By Alix Langone
Updated: April 23, 2018 11:01 PM ET

The 29-year-old suspected of killing four people in a mass shooting at a Waffle House in Nashville on Sunday has been captured and taken into custody, ending a massive overnight manhunt.

Travis Reinking, whom authorities had called armed and dangerous, was caught in a wooded area less than a mile and a half from the Waffle House where police say he opened fire with an AR-15 assault rifle.

The suspected gunman had a handgun in his backpack at the time of his arrest.

Reinking was charged with four counts of criminal homicide on Monday, and is being held under a $2 million bond, according to the Associated Press. He is expected in court Wednesday.

Reinking had requested a lawyer and was brought to the hospital before he was taken into custody, a police spokesperson said.

The search to find Reinking was a multi-agency effort, with more than 80 Nashville police officers, FBI agents, ATF agents and Tennessee Highway patrol agents coordinating the effort to apprehend the shooting suspect.

Police say Reinking had made his getaway from the shooting by running half-naked into the woods near the apartment he was renting a short distance from the restaurant.

Before Reinking was found on Monday afternoon, Nashville police spokesman Don Aaron said that police believed he would have to come out of the woods at some point for food and water.

Reinking was stopped from allegedly killing more people at the Waffle House by heroic customer James Shaw Jr., 29, who tackled the shooter and disarmed him by throwing his rifle over the counter and out of reach.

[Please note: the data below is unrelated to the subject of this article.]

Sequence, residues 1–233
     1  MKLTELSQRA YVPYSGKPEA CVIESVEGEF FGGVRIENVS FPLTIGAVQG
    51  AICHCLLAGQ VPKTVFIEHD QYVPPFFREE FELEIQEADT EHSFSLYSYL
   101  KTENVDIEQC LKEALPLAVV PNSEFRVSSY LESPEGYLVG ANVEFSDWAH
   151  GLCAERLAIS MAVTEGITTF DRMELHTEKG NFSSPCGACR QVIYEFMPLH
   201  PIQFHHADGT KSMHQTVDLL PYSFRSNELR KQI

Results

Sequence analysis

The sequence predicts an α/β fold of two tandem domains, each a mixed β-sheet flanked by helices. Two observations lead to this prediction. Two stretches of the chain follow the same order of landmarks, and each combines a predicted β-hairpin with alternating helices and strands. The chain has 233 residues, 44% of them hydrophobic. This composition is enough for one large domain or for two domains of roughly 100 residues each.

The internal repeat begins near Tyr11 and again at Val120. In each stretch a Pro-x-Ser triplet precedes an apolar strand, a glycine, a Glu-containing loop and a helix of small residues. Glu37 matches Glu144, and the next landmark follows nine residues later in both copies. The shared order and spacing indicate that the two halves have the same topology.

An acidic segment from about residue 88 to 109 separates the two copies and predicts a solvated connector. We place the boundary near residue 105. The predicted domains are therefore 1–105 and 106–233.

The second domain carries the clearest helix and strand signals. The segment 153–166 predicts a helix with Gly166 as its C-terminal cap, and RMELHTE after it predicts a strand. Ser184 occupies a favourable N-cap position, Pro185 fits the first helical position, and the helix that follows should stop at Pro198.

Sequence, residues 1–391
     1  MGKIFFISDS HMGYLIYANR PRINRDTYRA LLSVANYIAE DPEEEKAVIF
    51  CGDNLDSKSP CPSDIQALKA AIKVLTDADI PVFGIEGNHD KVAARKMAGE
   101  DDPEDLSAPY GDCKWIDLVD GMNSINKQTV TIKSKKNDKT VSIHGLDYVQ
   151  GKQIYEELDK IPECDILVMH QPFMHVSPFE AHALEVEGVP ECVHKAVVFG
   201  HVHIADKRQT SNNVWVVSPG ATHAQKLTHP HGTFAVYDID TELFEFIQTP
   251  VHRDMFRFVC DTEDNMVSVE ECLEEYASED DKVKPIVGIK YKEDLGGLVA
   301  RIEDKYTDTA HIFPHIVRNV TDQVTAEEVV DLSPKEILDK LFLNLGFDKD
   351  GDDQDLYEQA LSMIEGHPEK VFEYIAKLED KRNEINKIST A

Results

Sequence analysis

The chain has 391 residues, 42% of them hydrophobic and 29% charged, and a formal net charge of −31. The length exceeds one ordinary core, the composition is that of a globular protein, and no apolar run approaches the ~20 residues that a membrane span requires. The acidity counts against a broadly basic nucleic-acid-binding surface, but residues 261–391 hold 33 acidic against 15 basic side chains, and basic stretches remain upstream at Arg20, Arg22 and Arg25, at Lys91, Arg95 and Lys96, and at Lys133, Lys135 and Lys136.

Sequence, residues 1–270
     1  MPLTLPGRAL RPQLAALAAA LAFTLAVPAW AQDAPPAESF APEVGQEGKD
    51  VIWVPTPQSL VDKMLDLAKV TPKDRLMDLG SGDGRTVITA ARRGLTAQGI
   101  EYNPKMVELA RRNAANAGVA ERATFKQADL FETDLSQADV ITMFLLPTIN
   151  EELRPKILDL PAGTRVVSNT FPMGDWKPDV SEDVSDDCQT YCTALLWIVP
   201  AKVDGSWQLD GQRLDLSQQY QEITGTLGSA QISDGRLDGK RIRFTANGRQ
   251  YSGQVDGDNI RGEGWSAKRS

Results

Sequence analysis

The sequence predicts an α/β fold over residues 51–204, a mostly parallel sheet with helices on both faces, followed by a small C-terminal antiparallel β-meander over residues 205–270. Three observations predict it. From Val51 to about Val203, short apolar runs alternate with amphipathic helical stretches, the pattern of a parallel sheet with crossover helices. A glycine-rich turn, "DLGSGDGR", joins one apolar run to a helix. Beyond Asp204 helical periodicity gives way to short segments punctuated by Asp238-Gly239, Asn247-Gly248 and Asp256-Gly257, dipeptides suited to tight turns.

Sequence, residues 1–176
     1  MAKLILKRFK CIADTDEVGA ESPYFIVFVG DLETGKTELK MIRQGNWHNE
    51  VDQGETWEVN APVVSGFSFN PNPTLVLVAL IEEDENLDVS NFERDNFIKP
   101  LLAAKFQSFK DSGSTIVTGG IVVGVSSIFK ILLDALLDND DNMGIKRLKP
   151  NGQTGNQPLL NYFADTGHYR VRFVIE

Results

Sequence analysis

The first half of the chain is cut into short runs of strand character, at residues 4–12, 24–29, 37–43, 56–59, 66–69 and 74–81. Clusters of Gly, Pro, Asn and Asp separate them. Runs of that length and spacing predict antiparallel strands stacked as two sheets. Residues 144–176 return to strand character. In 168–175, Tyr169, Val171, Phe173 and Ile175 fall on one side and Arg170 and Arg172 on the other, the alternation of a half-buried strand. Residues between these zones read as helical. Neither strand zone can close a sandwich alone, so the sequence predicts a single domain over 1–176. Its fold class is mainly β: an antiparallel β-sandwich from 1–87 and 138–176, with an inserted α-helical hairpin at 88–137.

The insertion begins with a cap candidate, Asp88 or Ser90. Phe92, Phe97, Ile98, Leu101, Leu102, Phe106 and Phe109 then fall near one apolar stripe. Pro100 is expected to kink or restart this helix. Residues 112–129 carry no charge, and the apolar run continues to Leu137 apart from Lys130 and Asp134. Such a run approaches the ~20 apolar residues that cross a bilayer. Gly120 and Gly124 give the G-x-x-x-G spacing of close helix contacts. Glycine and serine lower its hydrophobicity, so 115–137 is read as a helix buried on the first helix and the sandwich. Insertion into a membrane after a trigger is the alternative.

Police said that Reinhold had access to four firearms before the shooting, and it was believed that Reinking may have had a handgun with him when he fled.

Days before the Waffle House shooting, he also stole a BMW from a dealership and avoided police in a car chase, Aaron said. The vehicle was found later that day at Reinking’s apartment complex – but police were unable to identify the suspect at the time.

Nashville schools activated their “lock-out” policy during the manhunt, meaning that no outside guests or visitors were allowed in schools until police declared the manhunt over.

Reinking has had multiple run-ins with law enforcement in previous years.

He was arrested by the U.S. Secret Service in July 2017 for getting close to a restricted area of the White House. He told investigators he was trying to meet Donald Trump when he was questioned.

Other police reports filed against Reinking earlier on in 2017 describe erratic behavior. One report details the shooting suspect showing up to his father’s construction business in a pink dress holding a rifle and yelling, while another report says he told police that pop star Taylor Swift was stalking him and hacking his phone.

Contact us at editors@time.com.

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